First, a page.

Since 1934, Texas-born and raised Freddie King already seemed destined for a music career when he first learned how to play the guitar at the age of six years old. His mother and uncle were the key influences in his life that would see him engage as a musical artist, specializing in the blues genre. After moving to Chicago, Illinois in 1949 with his family, King began sneaking into the city’s South Side nightclubs. The musical influence of Muddy Waters, Howlin’ Wolf, and T-Bone Walker, just to name a few, made such an impression on King that he took it upon himself to form his own band.
Every Hour Blues Boys featured himself as the frontman, along with guitarist Jimmie Lee Robinson, and drummer Frank Scott. King performed as the group’s lead vocalist and guitarist. In 1952, while working as a steel mill worker, King also worked as a sideman with various bands. It was also this same year he married fellow Texan, Jessie Burnette. In 1953, he signed up with the label, Parrot Records, but none of the recordings he made at the time were released. Patiently waiting for his big breakthrough, King performed with several band members who performed with many of Chicago’s musical finest in various venues until he finally had his first recording published in 1956. “Country Boy” was a duet he performed with Margaret Whitfield.
Despite the released recording, Freddie King failed to impress Chess Records enough to sign him up. This is the same label specializing in blues music that had a talent roster of Howlin’ Wolf, Little Walter, and Muddy Waters. The reason for the rejection was the label felt King sounded too much like B.B. King. South Side Chicago apparently didn’t have room for King so he set his sides to the West Side as the blues scene there was blossoming as a newer version of the popular genre. After King agreed to sign up with Cobra Records, he experienced yet another run of recordings that would not be released by a record label. In the meantime, however, he was establishing himself as one of the most popular musicians on Chicago’s West Side.
In 1960, Syd Nathan of King Records signed Freddie King to its subsidiary label, Federal Records. This would be the year he would record and release his debut single, “Have You Ever Loved a Woman.” On the flip side of the record was “You’ve Got to Love Her with a Feeling.” He also produced the instrumental single, “Hide Away.” These three songs catapulted Freddie King’s career from mainstream music obscurity to a musical star with top forty hits.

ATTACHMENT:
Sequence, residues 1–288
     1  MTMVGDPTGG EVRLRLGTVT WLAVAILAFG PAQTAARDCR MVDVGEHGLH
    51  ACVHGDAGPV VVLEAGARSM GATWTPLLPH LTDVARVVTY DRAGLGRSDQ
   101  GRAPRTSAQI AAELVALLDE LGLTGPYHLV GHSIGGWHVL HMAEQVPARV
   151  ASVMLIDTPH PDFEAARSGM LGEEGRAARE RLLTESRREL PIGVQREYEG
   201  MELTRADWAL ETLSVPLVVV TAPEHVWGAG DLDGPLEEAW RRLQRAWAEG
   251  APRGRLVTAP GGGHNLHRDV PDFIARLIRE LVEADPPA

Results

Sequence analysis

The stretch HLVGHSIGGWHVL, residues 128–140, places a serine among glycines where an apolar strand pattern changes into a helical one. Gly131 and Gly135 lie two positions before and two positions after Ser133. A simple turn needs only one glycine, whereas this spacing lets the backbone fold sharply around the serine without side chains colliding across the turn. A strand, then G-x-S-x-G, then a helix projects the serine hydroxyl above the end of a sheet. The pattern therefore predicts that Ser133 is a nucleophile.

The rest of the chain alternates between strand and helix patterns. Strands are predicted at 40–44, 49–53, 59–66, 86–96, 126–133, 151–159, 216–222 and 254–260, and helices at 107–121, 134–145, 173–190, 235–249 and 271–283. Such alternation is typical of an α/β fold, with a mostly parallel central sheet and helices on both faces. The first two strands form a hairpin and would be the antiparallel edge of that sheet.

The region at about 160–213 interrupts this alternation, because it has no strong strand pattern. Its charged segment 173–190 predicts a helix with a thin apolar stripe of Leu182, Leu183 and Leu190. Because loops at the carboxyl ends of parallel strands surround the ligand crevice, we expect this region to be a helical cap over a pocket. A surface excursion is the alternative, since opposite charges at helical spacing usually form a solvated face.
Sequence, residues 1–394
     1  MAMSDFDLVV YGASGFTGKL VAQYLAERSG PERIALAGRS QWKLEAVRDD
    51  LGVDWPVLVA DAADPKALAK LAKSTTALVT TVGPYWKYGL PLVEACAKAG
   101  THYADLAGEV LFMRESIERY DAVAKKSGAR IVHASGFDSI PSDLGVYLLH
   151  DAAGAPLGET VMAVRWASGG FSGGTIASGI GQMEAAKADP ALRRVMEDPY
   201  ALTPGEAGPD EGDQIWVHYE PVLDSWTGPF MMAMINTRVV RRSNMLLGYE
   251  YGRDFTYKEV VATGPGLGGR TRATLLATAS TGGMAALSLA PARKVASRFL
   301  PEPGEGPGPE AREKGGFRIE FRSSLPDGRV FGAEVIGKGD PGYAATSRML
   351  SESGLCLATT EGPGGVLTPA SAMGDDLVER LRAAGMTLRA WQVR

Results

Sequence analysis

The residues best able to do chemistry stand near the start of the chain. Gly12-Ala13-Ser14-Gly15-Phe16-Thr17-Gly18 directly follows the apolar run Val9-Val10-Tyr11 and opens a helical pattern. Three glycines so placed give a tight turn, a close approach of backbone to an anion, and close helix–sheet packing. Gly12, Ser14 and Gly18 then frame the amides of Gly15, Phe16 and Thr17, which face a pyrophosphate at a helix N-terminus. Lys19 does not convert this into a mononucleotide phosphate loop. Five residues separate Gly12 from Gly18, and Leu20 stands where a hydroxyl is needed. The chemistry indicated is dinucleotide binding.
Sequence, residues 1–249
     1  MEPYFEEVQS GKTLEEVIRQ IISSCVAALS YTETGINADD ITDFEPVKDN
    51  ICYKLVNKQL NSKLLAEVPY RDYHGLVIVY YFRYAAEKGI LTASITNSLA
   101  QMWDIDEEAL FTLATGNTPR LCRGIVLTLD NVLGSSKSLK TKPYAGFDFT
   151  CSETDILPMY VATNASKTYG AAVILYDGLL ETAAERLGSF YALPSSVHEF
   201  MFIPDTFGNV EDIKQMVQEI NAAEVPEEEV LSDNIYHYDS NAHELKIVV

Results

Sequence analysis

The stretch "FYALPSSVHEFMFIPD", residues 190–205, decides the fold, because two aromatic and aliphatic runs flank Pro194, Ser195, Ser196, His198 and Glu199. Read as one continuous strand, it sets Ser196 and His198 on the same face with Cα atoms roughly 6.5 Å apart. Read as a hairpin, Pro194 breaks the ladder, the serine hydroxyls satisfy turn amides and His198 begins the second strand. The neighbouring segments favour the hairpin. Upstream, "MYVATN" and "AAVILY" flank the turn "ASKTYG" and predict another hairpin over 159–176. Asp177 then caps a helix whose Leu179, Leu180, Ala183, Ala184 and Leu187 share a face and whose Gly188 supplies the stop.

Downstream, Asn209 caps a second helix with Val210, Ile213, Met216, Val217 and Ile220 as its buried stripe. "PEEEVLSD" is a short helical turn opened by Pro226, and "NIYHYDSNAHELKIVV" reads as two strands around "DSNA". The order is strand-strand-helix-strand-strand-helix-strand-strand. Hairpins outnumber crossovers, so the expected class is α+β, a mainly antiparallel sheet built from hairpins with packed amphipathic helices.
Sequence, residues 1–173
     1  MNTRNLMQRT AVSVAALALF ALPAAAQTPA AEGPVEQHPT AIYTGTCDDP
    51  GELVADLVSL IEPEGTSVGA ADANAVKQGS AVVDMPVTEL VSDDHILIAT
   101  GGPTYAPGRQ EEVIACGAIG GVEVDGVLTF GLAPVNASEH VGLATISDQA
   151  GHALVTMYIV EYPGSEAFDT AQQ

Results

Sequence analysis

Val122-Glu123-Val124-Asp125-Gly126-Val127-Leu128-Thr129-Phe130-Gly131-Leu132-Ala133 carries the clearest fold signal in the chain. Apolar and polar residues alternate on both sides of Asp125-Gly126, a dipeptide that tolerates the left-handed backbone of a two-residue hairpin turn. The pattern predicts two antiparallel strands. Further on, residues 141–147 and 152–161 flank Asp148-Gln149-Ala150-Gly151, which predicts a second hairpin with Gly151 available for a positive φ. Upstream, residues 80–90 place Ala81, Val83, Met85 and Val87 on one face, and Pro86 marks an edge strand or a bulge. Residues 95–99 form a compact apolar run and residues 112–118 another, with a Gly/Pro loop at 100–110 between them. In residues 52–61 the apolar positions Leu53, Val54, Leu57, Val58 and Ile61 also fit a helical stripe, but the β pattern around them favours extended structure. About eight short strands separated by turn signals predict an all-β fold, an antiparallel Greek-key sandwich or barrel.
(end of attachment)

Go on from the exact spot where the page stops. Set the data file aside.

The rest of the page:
During an era when the white audience was still unfamiliar with rhythm and blues music, King’s accomplishment is what put him in the record books as one of the music industry’s iconic legends. He, along with pianist Sonny Thompson, not only earned a name for themselves from “Hide Away,” but proceeded to record a total of thirty instrumentals, including another hit, “The Stumble.” In addition to instrumental music, King and Thompson recorded and released several vocal tracks. While under the Federal Records label, they toured with many elite R&B artists, including James Brown, Sam Cooke, and Jackie Wilson. This continued until King’s contract with Federal came to an end in 1966.
In 1967, Freddie King toured overseas for the first time. In 1968, producer King Curtis signed the man to Atlantic’s subsidiary label, Colton Records. Curtis, also a saxophonist, had recorded his version of “Hide Away” in 1962 and was more than happy to play a role in the production of 1969’s Freddie King Is a Blues Master and 1970’s My Feeling for the Blues. After Freddie King hired Jack Calmes as his manager, he was secured to appear alongside Led Zeppelin during the 1969 Texas Pop Festival. This resulted in King signing up with a new label, Shelter Records. While with this label, he was flown to Chicago to where Chess Studios used to be so he can record the album, Getting Ready. After it, two more albums were recorded and released that featured a series of blues classics and new musical material.
As a performer and recording artist, King played with many big names in the music industry. It would be during this time his name and music became more familiar among the white audience as he was performing with musicians such as Eric Clapton and Grand Funk Railroad. King’s intuitive music style allowed him to merge vocal nuances with key guitar parts to turn his songs into what was a new breed of blues music at the time.
His unique combination of Texas blues and Chicago-style R&B sounds is what set him apart from the rest of the bands that were still performing blues classics from the 1950s. The younger generation, regardless of skin color, was drawn to King’s brand of blues. That brand started out with a Gibson Les Paul guitar play before shifting to the lineup of Gibson’s electric guitars. The impression of King’s guitaring genius was so great that it played its way into the popular surf music played by bands like The Beach Boys.
Freddie King Legacy